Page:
Chem USA isn’t exactly a household name, but its latest desktop replacement, the ChemBook Z7-1719, is pretty well equipped for the price. It packs a fast 2.2-GHz Core 2 Duo processor (although not Penryn), good mid-range Nvidia graphics, and a high-def, 17-inch display for under $1,500. However, this Windows XP system’s lame matte-finish screen and cramped keyboard layout will make you want to take a close look at the competition before cracking open your wallet.
Design and Ergonomics
Just in case any of your friends are ever unsure of the type of computer you’re using, the Z7-1719’s shell has a backlit sign on the lid that says “Notebook.” Seriously. Otherwise, the Z7-1719 looks relatively modern, with a glossy all-black chassis that measures a svelte 1.3 inches thick. Unfortunately, this system is a smudge magnet.
We’re definitely not fans of the keyboard. Chem USA attempted what most desktop replacement manufacturers usually nail on the head: squeezing in a full number pad. This system’s large keyboard border, however, left too much space around the edges, making the layout unnecessarily cramped. Chem USA opted to shrink the Enter, Arrow, right Shift, and punctuation keys to make everything fit. The result is a confusing and annoying typing experience.
The touchpad is a bit small, but we liked the dedicated scroll zone. We didn’t like the stiffness of the mouse buttons. Four quick-launch buttons along the top of the keyboard grant fast access to the Internet, webcam, Wi-Fi settings, and opening the Windows XP search application.
Display & Audio
We like that the 17-inch display features a full-HD native resolution of 1920 x 1200, but why the matte finish? Gamers and multimedia mavens want glossy screens. A 1.3-MP camera is fitted just above the display, flush with the casing.
During our gaming and DVD playback tests, we were disappointed with the display’s utter lack of pop. Under our normal office lights, gaming proved difficult during dark levels. Watching a DVD of There Will Be Blood wasn’t as bad, but the viewing angles of both the horizontal and vertical axes aren’t good enough for more than two people to watch the display together, and even then you’d have to cuddle directly in front of the display. We expected deep blacks on the high-definition screen but were instead greeted by light grays and washed-out colors.
Despite the Dolby Home Theater sticker beneath the keyboard, the two circular speakers above the keyboard lacked bass and were too quiet for our tastes.
The Z7-1719 is powered by a last-generation 2.2-GHz Intel Core 2 T7500 processor and 2GB of RAM. For some reason, our configuration featured a measly 60GB hard drive, which we wouldn’t recommend for an ultraportable, nevermind a desktop replacement that’s ostensibly designed to store and enjoy large multimedia files. The Chem USA site says you can order this system with capacities up to 160GB.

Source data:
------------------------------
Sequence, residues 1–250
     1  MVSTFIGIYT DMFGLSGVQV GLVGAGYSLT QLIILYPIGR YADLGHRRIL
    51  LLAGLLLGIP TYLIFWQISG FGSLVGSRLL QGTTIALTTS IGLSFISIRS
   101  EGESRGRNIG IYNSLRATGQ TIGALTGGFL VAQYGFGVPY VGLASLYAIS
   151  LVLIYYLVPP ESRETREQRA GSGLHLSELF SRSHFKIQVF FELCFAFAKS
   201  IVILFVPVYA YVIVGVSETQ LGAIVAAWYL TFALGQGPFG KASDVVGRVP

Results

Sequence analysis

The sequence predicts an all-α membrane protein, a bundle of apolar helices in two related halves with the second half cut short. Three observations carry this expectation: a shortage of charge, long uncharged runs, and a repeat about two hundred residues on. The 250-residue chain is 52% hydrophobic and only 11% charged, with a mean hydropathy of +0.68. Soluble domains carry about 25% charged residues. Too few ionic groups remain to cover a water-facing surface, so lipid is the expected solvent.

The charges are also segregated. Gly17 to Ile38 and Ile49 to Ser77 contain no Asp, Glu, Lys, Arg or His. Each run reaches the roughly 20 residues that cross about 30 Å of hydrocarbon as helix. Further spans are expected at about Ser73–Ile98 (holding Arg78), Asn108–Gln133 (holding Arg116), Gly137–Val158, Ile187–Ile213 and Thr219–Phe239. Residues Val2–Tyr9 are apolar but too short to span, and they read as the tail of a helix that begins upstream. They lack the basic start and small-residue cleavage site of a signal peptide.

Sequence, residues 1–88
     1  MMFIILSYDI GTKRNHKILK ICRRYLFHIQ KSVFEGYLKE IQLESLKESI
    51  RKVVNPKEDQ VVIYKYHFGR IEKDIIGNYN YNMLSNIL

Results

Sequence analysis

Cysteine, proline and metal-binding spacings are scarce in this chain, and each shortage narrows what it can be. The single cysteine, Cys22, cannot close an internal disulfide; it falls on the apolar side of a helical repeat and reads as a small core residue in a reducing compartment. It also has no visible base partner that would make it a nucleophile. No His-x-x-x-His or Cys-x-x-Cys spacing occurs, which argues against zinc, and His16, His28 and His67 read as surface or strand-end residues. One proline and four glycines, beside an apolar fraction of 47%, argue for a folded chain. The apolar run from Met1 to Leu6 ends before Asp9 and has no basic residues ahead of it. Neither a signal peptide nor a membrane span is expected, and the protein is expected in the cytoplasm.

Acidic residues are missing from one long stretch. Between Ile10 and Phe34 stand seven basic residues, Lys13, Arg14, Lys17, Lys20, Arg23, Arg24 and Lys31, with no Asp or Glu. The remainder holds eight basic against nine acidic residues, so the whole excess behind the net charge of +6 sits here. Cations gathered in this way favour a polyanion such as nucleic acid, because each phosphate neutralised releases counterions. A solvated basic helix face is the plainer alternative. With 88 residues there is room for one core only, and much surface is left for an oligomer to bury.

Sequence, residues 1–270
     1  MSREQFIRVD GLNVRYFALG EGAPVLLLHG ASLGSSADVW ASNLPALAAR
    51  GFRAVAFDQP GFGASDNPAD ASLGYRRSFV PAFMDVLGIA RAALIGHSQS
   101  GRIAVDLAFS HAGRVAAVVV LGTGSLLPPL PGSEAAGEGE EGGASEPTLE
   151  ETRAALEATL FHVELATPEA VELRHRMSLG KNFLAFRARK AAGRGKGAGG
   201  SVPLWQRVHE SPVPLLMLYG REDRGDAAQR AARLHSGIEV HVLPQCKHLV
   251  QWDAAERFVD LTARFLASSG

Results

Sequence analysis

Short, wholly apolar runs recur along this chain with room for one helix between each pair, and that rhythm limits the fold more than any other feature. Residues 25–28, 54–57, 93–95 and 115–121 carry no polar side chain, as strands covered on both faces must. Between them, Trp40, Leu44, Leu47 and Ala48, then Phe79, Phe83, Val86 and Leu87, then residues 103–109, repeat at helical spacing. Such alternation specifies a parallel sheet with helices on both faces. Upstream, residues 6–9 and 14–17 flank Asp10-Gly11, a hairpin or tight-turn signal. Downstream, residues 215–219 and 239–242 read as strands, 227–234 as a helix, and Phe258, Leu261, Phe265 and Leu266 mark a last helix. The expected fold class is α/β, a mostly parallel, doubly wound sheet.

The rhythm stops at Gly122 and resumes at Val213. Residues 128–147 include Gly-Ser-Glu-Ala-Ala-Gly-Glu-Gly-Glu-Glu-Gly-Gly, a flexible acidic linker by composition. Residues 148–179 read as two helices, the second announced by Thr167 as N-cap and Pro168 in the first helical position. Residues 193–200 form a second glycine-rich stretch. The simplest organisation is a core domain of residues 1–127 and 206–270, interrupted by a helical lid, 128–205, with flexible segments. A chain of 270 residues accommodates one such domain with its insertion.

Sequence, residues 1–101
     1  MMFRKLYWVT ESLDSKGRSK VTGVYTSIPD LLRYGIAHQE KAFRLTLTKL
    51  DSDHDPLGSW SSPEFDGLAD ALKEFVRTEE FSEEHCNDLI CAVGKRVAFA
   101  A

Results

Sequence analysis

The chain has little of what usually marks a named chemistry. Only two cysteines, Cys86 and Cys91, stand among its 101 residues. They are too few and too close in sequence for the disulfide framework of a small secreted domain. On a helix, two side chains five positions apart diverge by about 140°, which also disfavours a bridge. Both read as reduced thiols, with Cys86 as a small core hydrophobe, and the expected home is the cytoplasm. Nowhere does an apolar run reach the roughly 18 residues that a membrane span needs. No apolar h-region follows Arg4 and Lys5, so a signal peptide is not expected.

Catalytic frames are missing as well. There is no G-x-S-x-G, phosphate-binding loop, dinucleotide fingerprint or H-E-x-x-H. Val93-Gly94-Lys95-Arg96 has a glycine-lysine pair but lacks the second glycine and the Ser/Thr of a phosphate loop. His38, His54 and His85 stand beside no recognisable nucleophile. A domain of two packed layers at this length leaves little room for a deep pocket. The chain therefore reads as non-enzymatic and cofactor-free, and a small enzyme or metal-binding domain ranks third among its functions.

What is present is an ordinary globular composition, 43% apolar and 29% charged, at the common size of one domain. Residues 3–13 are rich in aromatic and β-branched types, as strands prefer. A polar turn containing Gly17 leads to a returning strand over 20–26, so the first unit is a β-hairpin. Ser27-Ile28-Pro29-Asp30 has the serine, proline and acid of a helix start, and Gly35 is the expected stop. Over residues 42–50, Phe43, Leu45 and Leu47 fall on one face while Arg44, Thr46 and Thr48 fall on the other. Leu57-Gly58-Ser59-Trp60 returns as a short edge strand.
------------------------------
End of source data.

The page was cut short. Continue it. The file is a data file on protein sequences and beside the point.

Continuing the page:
The notebook features three USB ports, plus a DVD±RW drive on the left and an ExpressCard slot and HDMI and VGA ports on the right. We appreciated having the 3-in-1 card reader (MS/SD/MMC) up front, as well as the FireWire, headphone, line-in, and microphone jacks. The Ethernet and modem jacks are on the rear of the unit.
The ChemBook Z7-1719 held its own against competition with similar CPUs and against its own desktop replacement class where most notebooks come with a higher price tag. The Z7-1719 notched a score of 4,908 on PCMark05, a hair above its desktop replacement class average. On the other hand, its Nvidia GeForce 8600M with 512MB of video memory produced a 3DMark06 score of 3,223 points, which is 1,824 points below the average for other desktop replacements; this is likely due to the much more powerful GPUs other manufacturers typically pack in notebooks in this category.
If it’s casual gaming you’re after, you won’t be disappointed. On our Call of Duty 4 tests, the game set most of the graphics details to low when we set it to optimum settings. That means most of the in-game visual goodies are off: The deck of the ship in the first level, for example, won’t glisten in the floodlights as you fight for your life to get to the helicopter. However, at its native 1920 x 1200-pixel resolution, we were able to pull in an average of 26 frames per second—not bad at all—and the game was still enjoyable. On F.E.A.R. with the settings at maximum, the system raked in a modest 32 fps; the average for this category is 46 fps.
Wireless and Battery Life
Wireless scores from its 802.11a/g/n radio were fine: 16.8 Mbps at 15 feet and 12.0 Mbps at 50 feet, compared with category averages of 16 Mbps and 14 Mbps at 15 and 50 feet, respectively. The Z7-1719 offered very good battery life, turning in a runtime of 2:57. That’s more than an hour longer than the average desktop replacement.
Software and Support
We appreciated that the Z7-1719 didn’t come packed with a bunch of crapware or any trials that we would have had to uninstall right off the bat. Chem USA offers business-hours tech support over the phone from 9:00 a.m. to 5:00 p.m. (PST), Monday through Friday, but its Web site does not inspire confidence. For one, the “Notebook PCs” tab on the home screen didn’t work; we had to click on Products to find information on the 1719 series. And the support section is limited to BIOS and driver downloads and a generic FAQ section.
The ChemBook Z7-1719 offers a big screen and decent productivity performance, but it lags behind competing desktop replacements when it comes to design, display quality, and gaming prowess. For example, the Gateway P-6831FX, which costs $100 less, sports much better graphics and outperforms the Z7-1719 in every category. And while the Z7-1719 will play DVDs and games at its high native 1080p resolution, both experiences left us wanting more.